- By P.J. Aroon
As anyone following the sport of running knows, a sizable chunk of the world’s fastest runners hail from Kenya, a country rocked by violence after a disputed December 2007 election. Now a paragraph in a report by the International Crisis Group (ICG) says elite runners there may be funding, training, and commanding militias.
Kenya’s speediest runners are chiefly from the Kalenjin tribal group. Coaches say Kalenjins have snagged about 40 percent of top awards at world and Olympic events, from the 800m to the marathon, since 1980. These top athletes have invested their running-earned riches in farmland and other real estate.
The Kalenjins have a longstanding animosity with the Kikuyus, the tribal group of President Mwai Kibaki. ICG, based on interviews in the region, says Kalenjins reportedly want to run Kikuyus off their farms and property. Kalenjin athletes, many of whom have a military background, are allegedly funding, training, and even commanding Kalenjin militias to attack Kikuyus. Lucas Sang, a runner in the 1988 Olympics, may have been killed while leading a group of raiders, the report says.
Athetics officials vigorously deny that the pride of Kenya, its beloved runners, are fueling violence. They point out that runners there have been involved in local competitions to foster peace. Paul Tergat, the Kenyan who held the marathon world record until last September, told Reuters, “I am sure that no athlete would want to finance or promote violence.”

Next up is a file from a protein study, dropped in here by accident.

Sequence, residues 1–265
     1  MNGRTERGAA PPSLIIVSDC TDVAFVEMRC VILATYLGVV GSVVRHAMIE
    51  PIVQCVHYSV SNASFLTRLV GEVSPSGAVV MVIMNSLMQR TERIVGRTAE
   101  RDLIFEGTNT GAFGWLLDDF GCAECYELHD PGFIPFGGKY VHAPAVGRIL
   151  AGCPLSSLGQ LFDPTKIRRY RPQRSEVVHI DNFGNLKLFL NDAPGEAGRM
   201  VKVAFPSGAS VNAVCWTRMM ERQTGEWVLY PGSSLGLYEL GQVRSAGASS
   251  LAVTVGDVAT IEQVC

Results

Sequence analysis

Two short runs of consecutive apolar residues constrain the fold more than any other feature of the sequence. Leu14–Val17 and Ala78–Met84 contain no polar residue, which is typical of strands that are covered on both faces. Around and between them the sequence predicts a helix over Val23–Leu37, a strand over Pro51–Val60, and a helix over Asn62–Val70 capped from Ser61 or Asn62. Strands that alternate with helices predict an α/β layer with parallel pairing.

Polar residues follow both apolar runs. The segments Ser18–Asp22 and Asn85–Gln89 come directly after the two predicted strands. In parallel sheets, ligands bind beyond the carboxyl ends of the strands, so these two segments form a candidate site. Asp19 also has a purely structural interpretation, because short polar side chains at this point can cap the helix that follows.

But if they are, it’s a sad day for amateur runners everywhere. It’s hard to stomach the news that some of running’s role models may be running campaigns of violence.
Blake Hounshell is managing editor at Foreign Policy, having formerly been Web editor. Hounshell oversees ForeignPolicy.com and has commissioned and edited numerous cover stories for the print magazine, including National Magazine Award finalist "Why Do They Hate Us?" by Mona Eltahawy. He also edits The Cable, FP's first foray into daily original reporting, and was editor of Colum Lynch's Turtle Bay, which in 2011 won a National Magazine award for best reporting in a digital format.
Blake joined Foreign Policy in 2006 after living in Cairo, where he studied Arabic, missed his Steelers finally win one for the thumb, and worked for the Ibn Khaldun Center for Development Studies. Blake was a 2011 finalist for the Livingston Awards prize for young journalists for his reporting on the Arab uprisings, and his Twitter feed was named one of Time magazine's "140 Best Twitter Feeds of 2011." Under his leadership, in 2008, Passport, FP's flagship blog, won Media Industry Newsletter's "Best of the Web" award in the blog category. Along with Elizabeth Dickinson, he edited Southern Tiger: Chile's Fight for a Democratic and Prosperous Future, the memoirs of former Chilean president Ricardo Lagos, published by Palgrave Macmillan in 2012.
A graduate of Yale University, Blake speaks mangled Arabic and French, is an avid runner, and lives in Washington with his wife, musician Sandy Choi, and their toddler, David. Follow him on Twitter @blakehounshell.| Passport |